Makeup or Fake-up?
The age of digitalisation has brought us the ease of ordering almost everything at the tap of a button, but with that comes the issue of having to navigate an entirely different breed of scammers. Currently, one of the major money making schemes of these scammers is selling counterfeit makeup on Facebook pages.
Fake makeup or "fakeup" may look exactly the same on the outside as our beloved luxury items with the Huda Beauty glam eyes or that sleek Anastasia Beverly Hills logo but the inside is filled with harmful toxins. The ingredients sections often list the same components as the authentic products, however, many of these fake ones have been found to contain chemicals such as aluminium, mercury, arsenic and cyanide clearly deeming the listings as false. These toxic ingredients could cause eye infections, skin rashes, allergic reactions and even chemical burns. Some fake liquid lipsticks have been found to include glue which can cause swelling and peeling of the lips. By using these items frequently, users could potentially be putting themselves at risk of long-term health concerns such as skin cancer.
Who is buying all these harmful products and why?
Well, a large number of consumers are unaware of the counterfeit market and assume they are receiving an original item because not only is the packaging similar, the product itself is a complete lookalike. For instance, the eyeshadow or highlight colours in a palette are replicated and placed in the same order. A casual makeup user would, no doubt, mistake them for the real deal.
The most alluring factor is the price point. The knockoffs are a fraction of the cost of the original and buyers snatch it up thinking they're getting a really solid deal. People think they're getting a six grand Naked Palette by Urban Decay at six hundred. Buyers who do not usually seek knowledge regarding makeup brands fall into the trap where the scammers label them as 'middle-aged parents looking for presents' or 'gullible first timers easily succumb to these pages'. A few sellers have even resorted to naming their counterfeit goods (if it can even be called that) "A grade replica." They will admit the fact that they're selling replicas but still attempt at legitimizing their scam.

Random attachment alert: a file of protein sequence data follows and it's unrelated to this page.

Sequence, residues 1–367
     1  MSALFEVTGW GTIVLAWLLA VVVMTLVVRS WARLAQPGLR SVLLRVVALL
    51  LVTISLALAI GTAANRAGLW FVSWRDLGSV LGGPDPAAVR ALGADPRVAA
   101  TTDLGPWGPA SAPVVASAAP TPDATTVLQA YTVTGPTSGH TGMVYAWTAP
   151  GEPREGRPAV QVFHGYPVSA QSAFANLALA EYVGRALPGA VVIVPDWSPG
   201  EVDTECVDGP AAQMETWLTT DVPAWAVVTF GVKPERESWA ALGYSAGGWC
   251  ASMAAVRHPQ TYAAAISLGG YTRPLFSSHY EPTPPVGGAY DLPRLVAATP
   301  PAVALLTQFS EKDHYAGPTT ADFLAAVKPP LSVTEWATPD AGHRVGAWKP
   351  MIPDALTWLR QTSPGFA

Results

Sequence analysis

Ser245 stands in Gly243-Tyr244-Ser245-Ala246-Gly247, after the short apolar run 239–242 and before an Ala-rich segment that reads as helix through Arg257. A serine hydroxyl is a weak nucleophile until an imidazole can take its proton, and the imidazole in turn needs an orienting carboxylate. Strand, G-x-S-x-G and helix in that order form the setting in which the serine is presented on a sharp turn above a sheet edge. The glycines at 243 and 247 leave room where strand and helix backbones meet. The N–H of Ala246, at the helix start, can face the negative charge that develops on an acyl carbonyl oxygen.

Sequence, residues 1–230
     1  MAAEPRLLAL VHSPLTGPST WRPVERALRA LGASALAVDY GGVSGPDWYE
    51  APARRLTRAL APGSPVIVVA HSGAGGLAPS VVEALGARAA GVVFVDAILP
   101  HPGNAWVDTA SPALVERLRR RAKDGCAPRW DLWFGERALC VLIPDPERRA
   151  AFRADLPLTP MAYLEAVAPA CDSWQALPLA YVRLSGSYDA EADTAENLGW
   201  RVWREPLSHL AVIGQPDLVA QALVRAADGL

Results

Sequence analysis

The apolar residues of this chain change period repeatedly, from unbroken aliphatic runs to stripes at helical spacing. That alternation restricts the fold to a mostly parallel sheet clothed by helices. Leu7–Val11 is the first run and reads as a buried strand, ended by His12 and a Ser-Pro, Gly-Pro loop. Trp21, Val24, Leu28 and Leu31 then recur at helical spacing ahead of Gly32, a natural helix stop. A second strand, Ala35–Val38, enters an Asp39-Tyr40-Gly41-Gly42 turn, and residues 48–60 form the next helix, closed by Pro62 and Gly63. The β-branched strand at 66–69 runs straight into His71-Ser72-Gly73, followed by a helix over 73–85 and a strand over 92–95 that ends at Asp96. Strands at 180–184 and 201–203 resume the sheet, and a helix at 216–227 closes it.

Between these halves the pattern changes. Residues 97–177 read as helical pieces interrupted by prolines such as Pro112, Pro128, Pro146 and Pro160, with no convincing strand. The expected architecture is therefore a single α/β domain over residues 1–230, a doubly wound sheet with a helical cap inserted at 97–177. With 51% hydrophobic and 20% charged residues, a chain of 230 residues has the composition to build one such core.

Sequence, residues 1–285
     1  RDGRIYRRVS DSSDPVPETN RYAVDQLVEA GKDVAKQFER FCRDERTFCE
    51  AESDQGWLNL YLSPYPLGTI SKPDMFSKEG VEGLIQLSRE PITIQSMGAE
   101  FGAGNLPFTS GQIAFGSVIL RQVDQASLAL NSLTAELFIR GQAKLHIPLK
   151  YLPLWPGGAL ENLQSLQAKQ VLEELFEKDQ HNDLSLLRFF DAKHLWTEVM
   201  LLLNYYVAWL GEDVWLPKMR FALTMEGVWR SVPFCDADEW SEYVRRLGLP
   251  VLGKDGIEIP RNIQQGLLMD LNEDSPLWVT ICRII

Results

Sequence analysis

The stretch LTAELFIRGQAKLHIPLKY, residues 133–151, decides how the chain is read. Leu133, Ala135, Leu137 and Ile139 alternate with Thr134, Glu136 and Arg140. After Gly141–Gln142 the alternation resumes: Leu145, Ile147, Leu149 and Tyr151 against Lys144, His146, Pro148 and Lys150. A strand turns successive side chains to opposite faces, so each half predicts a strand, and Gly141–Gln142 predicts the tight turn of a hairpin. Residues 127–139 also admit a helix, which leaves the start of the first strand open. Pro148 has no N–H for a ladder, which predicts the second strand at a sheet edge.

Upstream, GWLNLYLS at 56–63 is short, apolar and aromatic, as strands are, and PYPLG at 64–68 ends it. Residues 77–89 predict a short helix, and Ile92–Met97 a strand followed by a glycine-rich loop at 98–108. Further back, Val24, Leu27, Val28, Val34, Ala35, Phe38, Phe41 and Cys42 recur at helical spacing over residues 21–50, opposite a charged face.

Here are some ways to exercise caution and avoid falling into their trap:
Brands usually have a similar price point everywhere as they regulate the pricing on their products. Use the absurd price difference to your advantage. Look up the products online on the brands' pages and convert the prices to BDT. If the asking price is suspiciously lower than the ones listed in the official pages, it is most likely a fake.
Understand the Minute Differences
There are tiny details the counterfeit products will have missed. Such as an embossed logo will simply be a printed logo or a holographic packaging will only look slightly shiny. The font could be slightly off or words will be misspelled altogether. You could search up the product on YouTube adding on "Fake vs. Real" to get a specific overview of what exactly you are looking for.
Look For Dupes Rather Than Knockoffs
"Dupe" is a popular slang term for products inspired by the high-end brands but perfectly legal and made under safe conditions. There are many great alternatives to the big names, so to speak, and many of them offer high quality at an affordable price. Aptly named "drugstore brands" due to their price ranges which make them an easy buy at any western drugstore, they can give you value for your money and beautiful looks without harming your skin.
A clichéd and useful general rule of thumb is: if it sounds too good to be true, it probably is. It might be incredibly difficult to resist the thought of getting an ideal product at an inch of the price but the reality is we might be setting ourselves up for medical bills in the future. It is important to take care of one's health before one's appearances. Let's try to spend our money wisely so that the benefit does not go to unethical businesses'.